The diverse needs of our citizens require policies that lead to a better quality of life for all. I have made a commitment to three core priorities that I believe will move the needle and will have a positive impact on the lives of all Charlotte residents. Charlotte will truly thrive, when all our residents have a chance to prosper.
Building a Stronger Workforce
The protests following the tragic shooting of Mr. Keith Lamont Scott in September 2016 brought to light issues of disparity and inequity in our community - one being a lack of jobs and skills training available to people with barriers to employment. Charlotte is the second fastest growing city in the country, yet many employers say Charlotte’s talent pool lacks skilled workers at all levels. We must do better to bridge this gulf by developing a home-grown work force, starting at the high school level.
That’s why I support the Charlotte City Council's economic development commitment to connecting businesses with nonprofit partners. This includes innovative programs that provide industry-related certification preparation along with wrap-around services that help an individual move from poverty to gainful employment. I am passionate about building vocational training capacity for at-risk young people who typically have fewer employment contacts and lack access to good paying jobs compared to their middle and upper-class counterparts.
Working with city staff and my colleagues on the Economic Development Committee, I helped secure $1 million in seed funding for a comprehensive Work Force Development program focused on adults with significant barriers to employment. I am committed to fostering the development of these programs and will work to build partnerships in the community to ensure sustainability and serve more youth and adults.
Ensuring a Safe City for All Residents
All residents deserve to feel safe, regardless of where they live, work or go to school. Fostering positive relationships between CMPD and residents is a core strategy for proactive crime prevention in Charlotte. But it goes beyond community policing: residents need to know they can hold elected officials and police officers accountable for keeping them safe – and that means we must all build a better foundation of trust, transparency and communication.
As Community Safety Committee chair, I have advocated for the needs of CMPD, most importantly by helping to secure funding for 125 additional police officers during my term – aCMPD request that had gone unmet for 9 years. I strongly believe in the concept of Community Policing, because the best crime prevention happens when officers get to know neighborhood residents and build relationships in the most challenging communities. Charlotte’s tremendous growth has stretched our law enforcement personnel to an untenable point and the hiring of additional officers is criticalas is additional crime diversion programming,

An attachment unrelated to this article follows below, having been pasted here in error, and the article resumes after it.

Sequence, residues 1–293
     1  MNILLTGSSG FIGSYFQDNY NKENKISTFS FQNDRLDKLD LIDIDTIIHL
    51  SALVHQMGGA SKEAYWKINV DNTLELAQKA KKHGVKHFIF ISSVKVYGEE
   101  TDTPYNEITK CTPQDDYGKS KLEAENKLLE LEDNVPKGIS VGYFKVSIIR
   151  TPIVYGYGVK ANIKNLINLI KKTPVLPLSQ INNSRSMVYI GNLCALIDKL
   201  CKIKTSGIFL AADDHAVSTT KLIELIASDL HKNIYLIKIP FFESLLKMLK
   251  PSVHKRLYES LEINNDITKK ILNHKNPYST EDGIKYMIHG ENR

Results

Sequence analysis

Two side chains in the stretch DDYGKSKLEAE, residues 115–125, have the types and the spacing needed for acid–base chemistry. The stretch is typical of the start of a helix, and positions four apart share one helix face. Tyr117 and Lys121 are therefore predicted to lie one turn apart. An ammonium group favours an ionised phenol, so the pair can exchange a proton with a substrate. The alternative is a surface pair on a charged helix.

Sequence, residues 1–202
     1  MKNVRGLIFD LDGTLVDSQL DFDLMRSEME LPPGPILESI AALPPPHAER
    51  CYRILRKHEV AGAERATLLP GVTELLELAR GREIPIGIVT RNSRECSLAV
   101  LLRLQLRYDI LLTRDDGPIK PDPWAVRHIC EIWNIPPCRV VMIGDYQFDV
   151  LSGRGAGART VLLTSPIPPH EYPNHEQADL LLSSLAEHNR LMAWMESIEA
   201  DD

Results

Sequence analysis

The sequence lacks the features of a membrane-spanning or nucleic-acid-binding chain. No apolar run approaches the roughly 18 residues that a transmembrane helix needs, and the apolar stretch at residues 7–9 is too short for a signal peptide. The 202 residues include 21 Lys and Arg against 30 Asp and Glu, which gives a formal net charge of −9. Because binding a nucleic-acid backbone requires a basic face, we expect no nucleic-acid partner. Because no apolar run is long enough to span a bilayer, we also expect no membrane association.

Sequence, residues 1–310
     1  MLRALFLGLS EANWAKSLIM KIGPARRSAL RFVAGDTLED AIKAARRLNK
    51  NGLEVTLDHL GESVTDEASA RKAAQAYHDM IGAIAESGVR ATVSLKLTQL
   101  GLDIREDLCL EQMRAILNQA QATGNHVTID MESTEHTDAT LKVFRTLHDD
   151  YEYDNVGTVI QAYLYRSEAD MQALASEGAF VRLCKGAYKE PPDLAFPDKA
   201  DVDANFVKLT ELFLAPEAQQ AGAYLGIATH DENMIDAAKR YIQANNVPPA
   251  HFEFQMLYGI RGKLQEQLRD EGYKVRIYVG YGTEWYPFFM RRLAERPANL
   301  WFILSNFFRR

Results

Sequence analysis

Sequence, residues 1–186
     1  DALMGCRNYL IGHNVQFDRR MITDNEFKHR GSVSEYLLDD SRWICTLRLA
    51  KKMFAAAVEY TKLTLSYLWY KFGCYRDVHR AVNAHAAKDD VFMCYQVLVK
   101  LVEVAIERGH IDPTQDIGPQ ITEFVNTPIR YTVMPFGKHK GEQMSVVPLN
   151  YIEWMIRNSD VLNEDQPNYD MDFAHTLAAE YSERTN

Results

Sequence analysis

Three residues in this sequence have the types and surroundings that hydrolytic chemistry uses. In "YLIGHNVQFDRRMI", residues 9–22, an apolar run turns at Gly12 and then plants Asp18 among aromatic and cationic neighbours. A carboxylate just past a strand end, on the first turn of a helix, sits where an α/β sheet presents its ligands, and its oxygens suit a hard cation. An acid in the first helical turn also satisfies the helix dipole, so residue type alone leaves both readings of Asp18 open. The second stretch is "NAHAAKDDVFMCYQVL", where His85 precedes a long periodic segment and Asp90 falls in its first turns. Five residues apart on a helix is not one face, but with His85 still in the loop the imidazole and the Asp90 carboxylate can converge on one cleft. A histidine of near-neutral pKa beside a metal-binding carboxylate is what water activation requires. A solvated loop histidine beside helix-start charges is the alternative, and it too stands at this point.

Giving young people access to jobs, pairing them with trained mentors and keeping them in school is critical to breaking the cycle of poverty and crime that too many of our young people are caught in, often times through no fault of their own. Building Social Capital - the connections to opportunity – will continue to be my priority for the youth of Charlotte.
Access to jobs through better Transportation
Accessing opportunity starts with having choices for affordable housing and transportation. As a city we must cultivate innovative affordable housing strategies, and invest in alternative and low-cost transportation investments such as safe bike routes and pedestrian walkways.
This year, my council colleagues and I committed to create 5,000 affordable housing units over the next three years. We are on target, yet we know it is still not enough. The affordable housing shortage is going to take time to solve and will demand both financial commitment and the courage to build affordable units throughout our city.
Distributing multi-income housing options in all districts of the city offers people choices in good schools, proximity to good-paying jobs and access to affordable transit options. It will take bold moves to break Charlotte's systemic segregation that prevents generations of families from interrupting the cycle of poverty. It starts with a collective community commitment to lift the economic prospects of all residents.
Charlotte is a car-centric city, urban city whose population is exploding. Modern mass transit, and safe pedestrian walkways and bike lanes are efficient and affordable transit tools that helps solve the question of how we move people around, and how we connect neighborhoods.